7. You aren’t generous enough – Gee, this is a tough list, isn’t it! Just like in real life, people respond best to those who listen, give, and offer to help. They aren’t so interested in people who are always needy or trying to get something from you. Stand out from the crowd of selfish sales people and be the one who goes the extra mile and thinks of others. Be positive, giving and generous and watch the rewards flow.
  8. You are not consistent enough – A common mistake with social media is to get started and do heaps…. But then forget about it or not follow through.Its much better to spend a regular 15 minutes a day to growing and connecting your network than it is to spend 5 hours once a month. In particular, make sure you respond to comments and follow through with leads. An unattended social media account is worse than no account at all.
  9. You aren’t leveraging your existing networks and strengths –Don’t make the mistake of trying to build a social network from scratch – be sure to connect with real life friends and colleagues, search out the people you inspire you, brands you love, and communities who share your passion. Remember, it is social! It’s much easier to figure social media out when you have a few friends to chat with both online and in real life. They can be great allies with any online project and let you know when you are missing the mark.
  10. You don’t track your metrics, or you track the wrong metrics – At this early stage in social media, the metrics we use are still crude and unreliable. For a while, everyone was obsessed with Facebook Likes and follower counts, but it is clear that these aren’t reliable indicators of Social Media ROI. If you have a great sales funnel set up and your product or service is well marketed on Social media, you are much better tracking social leads, conversions and sales.For many businesses though, Social Media is about building good will. To a degree, this can still be measured as lifetime customer value and referral rates, but just like real-life relationships, not everything can be reduced to numbers.

In summary, It’s still early days. Don’t expect instant results – social media needs to be part of a holistic long term strategy to grow your business – it’s not a way to make a quick buck or get instant results.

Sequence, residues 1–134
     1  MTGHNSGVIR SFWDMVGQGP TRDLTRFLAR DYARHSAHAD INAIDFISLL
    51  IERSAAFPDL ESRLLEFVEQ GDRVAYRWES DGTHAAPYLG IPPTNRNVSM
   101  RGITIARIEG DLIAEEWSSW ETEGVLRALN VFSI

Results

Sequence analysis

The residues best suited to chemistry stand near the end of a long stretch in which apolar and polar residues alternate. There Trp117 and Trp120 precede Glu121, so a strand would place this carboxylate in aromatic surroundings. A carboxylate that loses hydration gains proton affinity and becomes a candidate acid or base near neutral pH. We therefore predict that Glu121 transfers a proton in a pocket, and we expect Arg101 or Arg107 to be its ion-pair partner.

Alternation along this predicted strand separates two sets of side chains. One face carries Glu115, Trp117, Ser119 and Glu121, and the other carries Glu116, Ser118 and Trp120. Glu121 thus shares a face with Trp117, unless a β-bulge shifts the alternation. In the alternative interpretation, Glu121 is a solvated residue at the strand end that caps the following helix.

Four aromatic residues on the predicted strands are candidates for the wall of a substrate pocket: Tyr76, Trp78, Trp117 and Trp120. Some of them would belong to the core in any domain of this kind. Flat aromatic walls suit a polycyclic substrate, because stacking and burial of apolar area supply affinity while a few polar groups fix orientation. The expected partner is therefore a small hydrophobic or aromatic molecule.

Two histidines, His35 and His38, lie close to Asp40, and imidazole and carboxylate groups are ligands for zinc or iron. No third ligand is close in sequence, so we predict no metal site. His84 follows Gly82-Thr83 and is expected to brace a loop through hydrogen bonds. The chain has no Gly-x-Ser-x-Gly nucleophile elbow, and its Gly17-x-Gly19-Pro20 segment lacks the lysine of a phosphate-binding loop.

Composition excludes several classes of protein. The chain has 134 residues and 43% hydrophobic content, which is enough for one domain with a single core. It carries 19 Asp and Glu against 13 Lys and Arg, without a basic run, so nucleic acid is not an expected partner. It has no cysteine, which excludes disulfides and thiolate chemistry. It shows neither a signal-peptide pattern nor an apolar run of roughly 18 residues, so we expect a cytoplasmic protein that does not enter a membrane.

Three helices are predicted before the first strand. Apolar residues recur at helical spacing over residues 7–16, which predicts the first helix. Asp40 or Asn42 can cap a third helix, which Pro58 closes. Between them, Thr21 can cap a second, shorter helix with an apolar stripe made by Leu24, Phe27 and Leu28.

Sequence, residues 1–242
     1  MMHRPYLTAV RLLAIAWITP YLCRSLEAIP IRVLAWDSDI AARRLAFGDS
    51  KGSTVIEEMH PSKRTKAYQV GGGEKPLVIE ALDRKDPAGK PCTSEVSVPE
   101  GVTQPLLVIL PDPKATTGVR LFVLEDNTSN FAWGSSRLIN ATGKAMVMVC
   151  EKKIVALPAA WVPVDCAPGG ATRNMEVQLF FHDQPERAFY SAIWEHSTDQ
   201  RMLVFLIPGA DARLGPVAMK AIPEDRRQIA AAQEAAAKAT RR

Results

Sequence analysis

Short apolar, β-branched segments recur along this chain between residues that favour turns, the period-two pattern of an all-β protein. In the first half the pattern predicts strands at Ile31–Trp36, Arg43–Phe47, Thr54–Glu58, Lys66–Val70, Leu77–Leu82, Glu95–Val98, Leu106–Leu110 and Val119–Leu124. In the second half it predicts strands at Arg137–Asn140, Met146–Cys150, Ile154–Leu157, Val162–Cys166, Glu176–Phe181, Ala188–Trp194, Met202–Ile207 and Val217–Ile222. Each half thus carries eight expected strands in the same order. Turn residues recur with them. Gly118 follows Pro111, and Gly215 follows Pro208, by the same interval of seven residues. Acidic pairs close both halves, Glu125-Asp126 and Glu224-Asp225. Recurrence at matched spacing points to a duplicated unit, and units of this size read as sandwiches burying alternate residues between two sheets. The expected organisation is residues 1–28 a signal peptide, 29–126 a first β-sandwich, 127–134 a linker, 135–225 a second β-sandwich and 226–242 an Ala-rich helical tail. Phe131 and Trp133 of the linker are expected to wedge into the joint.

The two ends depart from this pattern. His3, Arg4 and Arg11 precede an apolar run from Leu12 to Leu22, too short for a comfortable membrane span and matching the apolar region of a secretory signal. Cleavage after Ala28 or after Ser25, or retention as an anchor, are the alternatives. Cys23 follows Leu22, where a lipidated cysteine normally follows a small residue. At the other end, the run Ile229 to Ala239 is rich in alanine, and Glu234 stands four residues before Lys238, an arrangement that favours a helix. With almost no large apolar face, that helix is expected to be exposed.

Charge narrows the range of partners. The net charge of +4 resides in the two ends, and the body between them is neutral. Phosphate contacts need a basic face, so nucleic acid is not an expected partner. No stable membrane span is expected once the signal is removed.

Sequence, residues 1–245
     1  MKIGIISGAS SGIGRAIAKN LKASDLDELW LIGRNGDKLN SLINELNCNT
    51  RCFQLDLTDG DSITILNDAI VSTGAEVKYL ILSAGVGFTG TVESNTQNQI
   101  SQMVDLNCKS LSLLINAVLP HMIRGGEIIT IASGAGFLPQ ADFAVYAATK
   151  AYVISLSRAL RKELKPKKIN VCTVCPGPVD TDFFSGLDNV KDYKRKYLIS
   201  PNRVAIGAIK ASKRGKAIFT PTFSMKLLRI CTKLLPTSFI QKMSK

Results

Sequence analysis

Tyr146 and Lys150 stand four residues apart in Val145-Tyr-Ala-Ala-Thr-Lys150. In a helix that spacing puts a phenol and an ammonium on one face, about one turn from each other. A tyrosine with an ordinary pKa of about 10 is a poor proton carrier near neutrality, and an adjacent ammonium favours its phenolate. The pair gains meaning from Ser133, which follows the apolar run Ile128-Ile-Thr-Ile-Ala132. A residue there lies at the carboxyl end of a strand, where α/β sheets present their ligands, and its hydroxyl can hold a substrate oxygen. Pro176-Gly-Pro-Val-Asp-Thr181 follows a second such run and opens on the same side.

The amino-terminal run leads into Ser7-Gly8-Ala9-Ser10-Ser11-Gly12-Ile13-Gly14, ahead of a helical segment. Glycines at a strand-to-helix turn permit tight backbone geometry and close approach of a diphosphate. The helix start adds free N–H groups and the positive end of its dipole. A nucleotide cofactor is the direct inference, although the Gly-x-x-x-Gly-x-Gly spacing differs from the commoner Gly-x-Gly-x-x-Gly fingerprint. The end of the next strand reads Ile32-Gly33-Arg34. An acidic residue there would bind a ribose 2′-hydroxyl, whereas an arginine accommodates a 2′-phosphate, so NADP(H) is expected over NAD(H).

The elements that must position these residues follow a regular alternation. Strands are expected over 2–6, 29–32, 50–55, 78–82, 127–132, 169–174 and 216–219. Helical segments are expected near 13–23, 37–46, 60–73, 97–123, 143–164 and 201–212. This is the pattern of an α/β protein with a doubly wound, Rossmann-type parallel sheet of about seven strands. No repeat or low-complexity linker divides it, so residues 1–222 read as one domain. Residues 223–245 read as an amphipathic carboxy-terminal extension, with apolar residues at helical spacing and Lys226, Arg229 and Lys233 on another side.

Building a decent network, making online friends, figuring out your voice and your message: these things all take time.

Why you really should continue with social media (Even if you suck at it!)

Social media is the fastest growing communication phenomenon in human history. Invalid LeadPlayer video - ID not found!


It is changing every year, and rapidly becoming the preferred online communication tool for an entire generation (many young people no longer have email accounts).
The reason you should persist with social media is that communicating social is the new literacy.

Let’s face it – the first few years of your learning to speak were pretty unimpressive. The same goes for your first few years of writing.

For most of us, social media is another new medium – one which is complex, rich and constantly evolving.

It isn’t going anywhere – it is taking over how we socialise, communicate and do business.

Learning to use social media today is like learning to use a computer a generation ago. Like learning any new skill it can be a challenge, but one that will pay off for years to come.


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  • C Bret Campbell

    Well, yeah, that pretty well sums that up. Should be required reading…

    March 11, 2013 at 1:39 am
  • So True, Dallas! I gave a talk last Friday covering 90% of these points.

    June 10, 2013 at 5:50 pm
  • Thanks Jeremy – glad it resonated. I get frustrated when people who don’t have the first clue about social media want to jump straight to measuring ROI, when they haven’t even set up their accounts properly. Talk about wanting to run before they can walk – more like before they can crawl.
    Social media is here for the long haul… it is important to educate ourselves and learn new skills – especially if you aren’t a digital native.

    June 10, 2013 at 7:56 pm
  • Totally agree too Dallas – this is the basis of a talk I’m giving at a conference in London in September. So many people expect to ‘join’ social media and achieve instant results just because they are there. It is a skill and the biggest mistake some of my clients make is believing that only the younger generation will make the best managers of their social media. I find success comes not just from a mix of good training, a measure of intuition and experience, but by recruiting a loyal company ambassador who enjoys communicating with people.

    June 12, 2013 at 4:41 pm
    • Thanks Sally – we are so used to everything being a commodity that without experience of Social Media, we expect it is just one more thing to be bought and sold. Really, it is hard to put a value on our own and our audience’s time and attention, much less turn it into a commodity. I think Facebook is seeing what happens when you try to do that = blowback.

      June 12, 2013 at 11:58 pm